Review / OA’s ‘King Roger’ enlivens the operatic experience

opera / “Król Roger” (King Roger), by Karol Szymanowski. At the Joan Sutherland Theatre, Sydney Opera House, January 28, 31 and February 2, 4, 8, 11 and 15. Bookings to opera.org.au. Reviewed by HELEN MUSA.

THERE are seven performances still remaining of Opera Australia’s extraordinary co-production of “King Roger” with the Royal Opera House and Dallas Opera, surely the most sophisticated theatrical work in the company’s repertoire.

Gennadi Dubinsky as Archiereios, Michael Honeyman as King Roger and Dominica Matthews as Deaconess. Photo by Keith Saunders.

Not for the faint-hearted, it’s not a plot-driven opera and indeed the Polish composer Szymanowski preferred to style it a “Sicilian drama”, “Misterium” or spectacle. And yet it is not without structure, as the little-known mediaeval Norman King Roger struggles between controlled rationalism and the darker instincts of human nature, descending into the depths and in the final act emerging to face the light of the sun.

In part it is a Freudian allegory, as a director Kasper Holten and designer Steffen Aarfing must have intended, with a gigantic head dominating the stage, probably indicating the Super-Ego, soon to be challenged and almost destroyed by the Id in the form of a beautiful shepherd who entices Roger, his wife Roxana and the community around them into sensual excess.

‘Orgiastic’ dancers. Photo by Keith Saunders.

But the Shepherd, strangely clad in something looking like a formal Indian bridegroom’s costume, is said to be swathed in vine leaves, indicating that Szymanowski is also depicting the eternal Nietzschean struggle between the Apollonian and Dionysian forces in human nature. Just to complicate matters, the suggestive sexuality of the dancers choreographed by Cathy Marston combines with the orgiastic aggression of Nazi (or in the composer’s case Bolshevik) thugs burning the King’s books. There are many such motifs.

“King Roger” begins with a Byzantine hymn matching the forces of control, represented by Dominica Matthews as the Deaconess and Gennadi Dubinsky as the Archbishop, both dark and authoritarian.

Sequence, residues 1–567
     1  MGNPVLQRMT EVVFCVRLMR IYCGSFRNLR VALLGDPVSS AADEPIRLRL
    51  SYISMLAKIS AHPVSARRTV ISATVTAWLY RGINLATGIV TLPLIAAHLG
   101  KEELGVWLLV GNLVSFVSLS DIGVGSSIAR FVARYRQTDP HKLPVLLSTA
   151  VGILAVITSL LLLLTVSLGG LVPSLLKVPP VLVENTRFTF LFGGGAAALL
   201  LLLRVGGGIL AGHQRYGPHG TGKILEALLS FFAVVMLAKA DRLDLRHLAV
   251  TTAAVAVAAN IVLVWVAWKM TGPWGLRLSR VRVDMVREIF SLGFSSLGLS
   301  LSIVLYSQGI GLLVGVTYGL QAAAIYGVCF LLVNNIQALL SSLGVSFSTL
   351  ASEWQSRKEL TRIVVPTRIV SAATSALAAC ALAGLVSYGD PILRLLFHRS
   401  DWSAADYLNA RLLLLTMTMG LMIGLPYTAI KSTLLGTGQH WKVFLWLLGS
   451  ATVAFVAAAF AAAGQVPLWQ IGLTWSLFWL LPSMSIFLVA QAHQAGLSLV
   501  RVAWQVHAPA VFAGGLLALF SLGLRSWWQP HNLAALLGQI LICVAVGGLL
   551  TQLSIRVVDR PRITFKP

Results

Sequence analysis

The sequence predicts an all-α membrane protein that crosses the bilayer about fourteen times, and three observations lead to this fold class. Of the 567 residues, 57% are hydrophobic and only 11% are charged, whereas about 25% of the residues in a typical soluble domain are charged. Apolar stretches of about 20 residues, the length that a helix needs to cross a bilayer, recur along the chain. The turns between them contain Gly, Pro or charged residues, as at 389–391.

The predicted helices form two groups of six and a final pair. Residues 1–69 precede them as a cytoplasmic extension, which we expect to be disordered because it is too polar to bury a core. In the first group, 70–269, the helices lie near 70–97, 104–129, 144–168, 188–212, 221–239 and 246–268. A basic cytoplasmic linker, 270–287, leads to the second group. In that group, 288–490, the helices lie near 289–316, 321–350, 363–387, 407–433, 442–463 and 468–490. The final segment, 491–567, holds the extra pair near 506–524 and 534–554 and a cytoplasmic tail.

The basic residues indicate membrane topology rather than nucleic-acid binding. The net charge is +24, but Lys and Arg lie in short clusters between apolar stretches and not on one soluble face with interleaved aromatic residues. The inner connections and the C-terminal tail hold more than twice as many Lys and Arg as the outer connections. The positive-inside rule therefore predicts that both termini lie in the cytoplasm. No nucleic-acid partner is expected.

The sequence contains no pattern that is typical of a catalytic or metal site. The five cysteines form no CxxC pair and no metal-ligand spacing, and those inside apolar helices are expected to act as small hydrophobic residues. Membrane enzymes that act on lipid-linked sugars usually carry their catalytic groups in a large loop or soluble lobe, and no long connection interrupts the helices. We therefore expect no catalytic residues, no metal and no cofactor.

In the background, often half-seen in votive niches, the voices may be heard of the Opera Australia Chorus and a children’s chorus drawn from the Gondwana Choirs subtly waxing and waning as the attractions of both conventional religion and pagan abandonment variously gain the upper hand.

But the forces of control hold sway for a very short time indeed as the lure of the Shepherd (Saimir Pirgu) proves irresistible, first to Roxana (Lorina Gore) and gradually to Roger (Michael Honeyman) himself.

Saimir Pirgu as Shepherd, Lorina Gore as Roxana, Michael Honeyman as King Roger. Photo by Keith Saunders.

This part of the opera, which takes place on the reverse side of the huge head, allows Gore passionate lyrical moments as she recognises her growing need to break out from the stultifying society which opens the action.

Gore, Honeyman and James Egglestone who plays the Muslim scholar Edrisi who finally brings King Roger back to the real world, could have  struggled with the lush, florid libretto of Szymanowski and Jarosław Iwaszkiewicz, but then again, since it was sung in Polish there was the option of ignoring the surtitles and allowing the total theatre experience to rule.

Make no mistake, this is not an opera with conventional “tunes”, but rather in the central part at least, we hear a fusion of percussion and the Eastern musical traditions in which Szymanowski had absorbed himself, culminating in barbaric cacophonies that match the savagery of book burning and physical assault. The concluding moments offer a measure of normality as more familiar Polish melodies assert themselves.

In the final act, where, bloodied and beaten, Michael Honeyman as King Roger returns to centre stage, back in the land where he, not Dionysius, rules, there is a striking note of ambiguity.

His last words suggest a willingness to pluck out his heart and present it the sun. This hint of Aztec sacrifice is very far away from the Apollonian ideal of control and balance and on opening night left a disturbing feeling in the stomach, even as the audience rose in fervent applause for a superb production.

In giving Australian audiences the chance to see “King Roger”, Opera Australia has refreshed and enlivened our experience of this art form, as well as offering some of our finest singers (both Honeyman and Gore are graduates of the  School of Music in Canberra) the chance to explore less familiar musical dimensions.

 

 

 

 

 

 

 

 

 

 

 

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